The entrances to U.S. military bases already sport soldiers, marines, airmen, and sailors equipped with assault rifles.  The servicemen guarding these installations stop and check identification of every person trying to access the base.  The flaw in security at Fort Hood and the Washington Navy Yard was and remains that Major Hasan and Petty Officer Third Class Alexis were authorized to enter, but no consideration was taken to inquire whether Hasan on November 5, 2009 or Alexis on September 16, 2013 were authorized to be armed.  Given the fact that the chances of a passenger discharging a firearm past airport security are likely vanishingly slim, this conundrum seems eminently solvable.

A revised security proposal might begin with doing more than checking IDs at the entrance.  Might I suggest…magnetometers and X-ray machines?  Special consideration should be given to no one of any rank—both officers and enlisted (and civilians—Alexis falls into two categories) have committed massacres (if I wanted to be glib, security personnel might want to check those with the rank of O-4 and E-4 more thoroughly).  But I can already hear the naysayers—what about vehicles?

What about cars and trucks?  Search them too.  Again, this is nothing new at military bases.  A friend of mine took the AFOQT test at an Air Force base as a civilian almost a decade ago, and the guards at the gate (fatigued enlisted men armed with M16s, Beretta M9s and body armor) checked under the car and the trunk (for bombs, naturally) and my friend had to explain why he kept a large Maglite under his seat (the airman mistook the flashlight for a hunting knife).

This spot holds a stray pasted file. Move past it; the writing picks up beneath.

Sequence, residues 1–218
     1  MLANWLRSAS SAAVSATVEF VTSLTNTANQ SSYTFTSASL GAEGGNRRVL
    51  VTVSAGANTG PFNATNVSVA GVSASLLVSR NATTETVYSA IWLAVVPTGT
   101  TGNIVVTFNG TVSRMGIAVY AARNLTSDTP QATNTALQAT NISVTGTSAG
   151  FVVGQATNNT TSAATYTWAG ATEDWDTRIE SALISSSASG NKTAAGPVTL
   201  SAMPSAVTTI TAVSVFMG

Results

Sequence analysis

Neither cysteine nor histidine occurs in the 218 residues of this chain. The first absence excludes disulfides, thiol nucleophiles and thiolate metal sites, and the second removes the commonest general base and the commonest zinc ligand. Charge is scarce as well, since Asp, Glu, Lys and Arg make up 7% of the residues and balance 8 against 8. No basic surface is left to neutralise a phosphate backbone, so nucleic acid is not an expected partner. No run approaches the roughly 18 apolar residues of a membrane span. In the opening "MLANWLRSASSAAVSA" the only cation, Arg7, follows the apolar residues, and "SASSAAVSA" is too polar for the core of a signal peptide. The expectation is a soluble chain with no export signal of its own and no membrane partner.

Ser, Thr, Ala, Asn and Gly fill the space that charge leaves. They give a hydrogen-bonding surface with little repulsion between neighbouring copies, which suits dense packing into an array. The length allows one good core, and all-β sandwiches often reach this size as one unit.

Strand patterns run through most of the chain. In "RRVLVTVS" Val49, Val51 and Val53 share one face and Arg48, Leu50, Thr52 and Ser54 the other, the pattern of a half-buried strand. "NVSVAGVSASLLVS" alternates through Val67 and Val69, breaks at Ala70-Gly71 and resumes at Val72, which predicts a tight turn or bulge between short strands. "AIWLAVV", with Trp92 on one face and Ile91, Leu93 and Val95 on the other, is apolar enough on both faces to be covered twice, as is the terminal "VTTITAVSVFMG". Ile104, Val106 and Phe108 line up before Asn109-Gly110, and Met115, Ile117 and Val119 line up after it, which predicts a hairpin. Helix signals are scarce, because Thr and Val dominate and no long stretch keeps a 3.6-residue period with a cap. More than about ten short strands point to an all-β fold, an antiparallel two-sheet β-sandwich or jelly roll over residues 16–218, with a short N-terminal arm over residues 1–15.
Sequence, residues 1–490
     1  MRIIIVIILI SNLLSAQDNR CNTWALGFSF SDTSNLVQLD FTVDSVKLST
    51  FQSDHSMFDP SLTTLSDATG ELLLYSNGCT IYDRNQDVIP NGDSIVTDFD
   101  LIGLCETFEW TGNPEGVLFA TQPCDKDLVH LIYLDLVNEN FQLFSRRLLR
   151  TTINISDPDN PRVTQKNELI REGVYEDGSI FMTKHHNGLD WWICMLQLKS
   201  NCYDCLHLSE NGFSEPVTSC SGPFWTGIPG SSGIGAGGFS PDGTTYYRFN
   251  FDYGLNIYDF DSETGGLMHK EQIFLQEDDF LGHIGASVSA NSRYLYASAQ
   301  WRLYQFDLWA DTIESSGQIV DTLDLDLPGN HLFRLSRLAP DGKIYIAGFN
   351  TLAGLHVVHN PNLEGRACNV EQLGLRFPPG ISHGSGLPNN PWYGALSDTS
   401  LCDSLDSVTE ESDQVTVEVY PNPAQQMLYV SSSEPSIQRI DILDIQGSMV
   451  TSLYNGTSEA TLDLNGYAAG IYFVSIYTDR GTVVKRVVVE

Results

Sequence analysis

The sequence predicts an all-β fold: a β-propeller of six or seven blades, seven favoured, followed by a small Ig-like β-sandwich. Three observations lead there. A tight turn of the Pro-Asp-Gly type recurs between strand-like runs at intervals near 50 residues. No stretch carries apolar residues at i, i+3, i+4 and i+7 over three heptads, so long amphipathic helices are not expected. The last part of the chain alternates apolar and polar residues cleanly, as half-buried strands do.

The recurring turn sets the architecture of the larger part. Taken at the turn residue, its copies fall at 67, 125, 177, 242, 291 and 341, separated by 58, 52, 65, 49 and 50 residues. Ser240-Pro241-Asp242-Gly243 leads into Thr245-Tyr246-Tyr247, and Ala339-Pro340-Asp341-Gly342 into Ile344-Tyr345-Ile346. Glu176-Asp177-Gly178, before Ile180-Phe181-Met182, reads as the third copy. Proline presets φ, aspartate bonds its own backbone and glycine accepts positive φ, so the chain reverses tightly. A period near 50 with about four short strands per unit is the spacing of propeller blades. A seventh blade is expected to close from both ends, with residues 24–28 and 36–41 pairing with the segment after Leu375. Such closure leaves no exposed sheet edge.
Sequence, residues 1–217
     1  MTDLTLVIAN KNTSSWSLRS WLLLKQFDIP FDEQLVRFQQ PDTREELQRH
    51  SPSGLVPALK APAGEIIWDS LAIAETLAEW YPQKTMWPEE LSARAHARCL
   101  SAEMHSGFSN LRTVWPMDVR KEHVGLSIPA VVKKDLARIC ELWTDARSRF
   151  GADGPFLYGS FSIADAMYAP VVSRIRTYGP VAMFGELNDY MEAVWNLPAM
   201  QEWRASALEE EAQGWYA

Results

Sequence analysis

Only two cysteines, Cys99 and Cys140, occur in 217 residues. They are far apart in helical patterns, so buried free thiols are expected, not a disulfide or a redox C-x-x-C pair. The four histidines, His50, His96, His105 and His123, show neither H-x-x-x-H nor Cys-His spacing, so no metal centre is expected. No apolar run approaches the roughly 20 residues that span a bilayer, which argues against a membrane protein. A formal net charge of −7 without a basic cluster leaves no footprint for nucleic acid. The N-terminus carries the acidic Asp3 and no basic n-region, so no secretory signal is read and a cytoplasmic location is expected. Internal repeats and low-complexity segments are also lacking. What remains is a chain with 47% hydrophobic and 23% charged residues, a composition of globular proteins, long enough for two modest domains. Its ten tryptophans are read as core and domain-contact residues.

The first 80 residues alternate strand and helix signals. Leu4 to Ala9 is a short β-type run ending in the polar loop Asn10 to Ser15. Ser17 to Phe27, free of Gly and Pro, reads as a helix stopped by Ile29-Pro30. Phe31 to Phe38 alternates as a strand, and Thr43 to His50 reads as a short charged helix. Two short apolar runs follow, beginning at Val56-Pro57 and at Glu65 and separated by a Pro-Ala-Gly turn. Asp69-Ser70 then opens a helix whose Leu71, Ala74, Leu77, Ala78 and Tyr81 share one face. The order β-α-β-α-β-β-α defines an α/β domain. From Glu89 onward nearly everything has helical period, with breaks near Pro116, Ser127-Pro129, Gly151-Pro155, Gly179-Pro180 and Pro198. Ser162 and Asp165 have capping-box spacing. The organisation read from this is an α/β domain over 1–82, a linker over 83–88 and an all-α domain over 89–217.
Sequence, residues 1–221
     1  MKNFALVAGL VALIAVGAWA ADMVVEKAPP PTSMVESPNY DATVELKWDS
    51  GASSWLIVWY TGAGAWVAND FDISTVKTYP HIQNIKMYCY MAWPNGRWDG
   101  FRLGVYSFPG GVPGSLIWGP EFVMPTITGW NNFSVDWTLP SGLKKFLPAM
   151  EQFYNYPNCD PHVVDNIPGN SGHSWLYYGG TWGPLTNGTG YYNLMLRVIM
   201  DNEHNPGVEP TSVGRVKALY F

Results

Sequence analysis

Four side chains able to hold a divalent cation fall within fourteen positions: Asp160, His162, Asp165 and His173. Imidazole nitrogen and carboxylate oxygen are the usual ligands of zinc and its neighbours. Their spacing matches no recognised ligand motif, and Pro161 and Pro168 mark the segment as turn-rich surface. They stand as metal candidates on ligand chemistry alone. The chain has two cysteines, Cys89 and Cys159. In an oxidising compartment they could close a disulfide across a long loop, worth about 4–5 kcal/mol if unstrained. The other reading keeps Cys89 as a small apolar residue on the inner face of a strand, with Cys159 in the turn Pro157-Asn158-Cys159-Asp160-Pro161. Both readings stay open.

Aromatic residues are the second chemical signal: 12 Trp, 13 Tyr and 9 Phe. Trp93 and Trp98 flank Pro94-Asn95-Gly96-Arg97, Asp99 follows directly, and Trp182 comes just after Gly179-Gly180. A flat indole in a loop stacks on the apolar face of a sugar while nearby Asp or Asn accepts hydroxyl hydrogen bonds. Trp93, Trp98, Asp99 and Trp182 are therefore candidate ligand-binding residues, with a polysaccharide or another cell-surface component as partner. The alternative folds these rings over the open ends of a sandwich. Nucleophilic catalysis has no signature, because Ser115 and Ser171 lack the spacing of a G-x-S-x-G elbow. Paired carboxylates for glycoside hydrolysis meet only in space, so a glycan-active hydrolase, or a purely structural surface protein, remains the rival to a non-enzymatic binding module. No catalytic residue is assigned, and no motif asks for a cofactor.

Simply expanding the role of guard duty at military installations from preventing the unauthorized from gaining access to also preventing the authorized from transporting weapons onto base in contravention to Army and Navy regulations doesn’t seem too tall an order.  Instituting active surveillance for unauthorized weaponry certainly would be more effective than arming the workplace like the NRA desires—after all, Aaron Alexis managed to gun down an armed security officer.  But this just begs another question:

Why in God’s name do we make our military people so vulnerable that they have to rely on the DC police today?

Judson Phillips asks this salient question in the Washington Times and proceeds to go on a rant about how political correctness has killed the Marine Corps.  He gives no evidence for this, which seems understandable to me considering the Marines are in reality a battle-hardened force that has been at war for more than a decade.  The beginning of the answer to Phillips’s question is that military installations focus heavily on perimeter security, to the detriment of internal security as the massacres at Fort Hood and the Washington Navy Yard demonstrate.  But the rest of the answer is more sinister: military forces operate with very strict Rules of Engagement (and ROE violations can and do draw the full force of the UCMJ against the offending soldier/marine/airman/sailor) while police have a history of operating outside any meaningful boundaries for the use of force.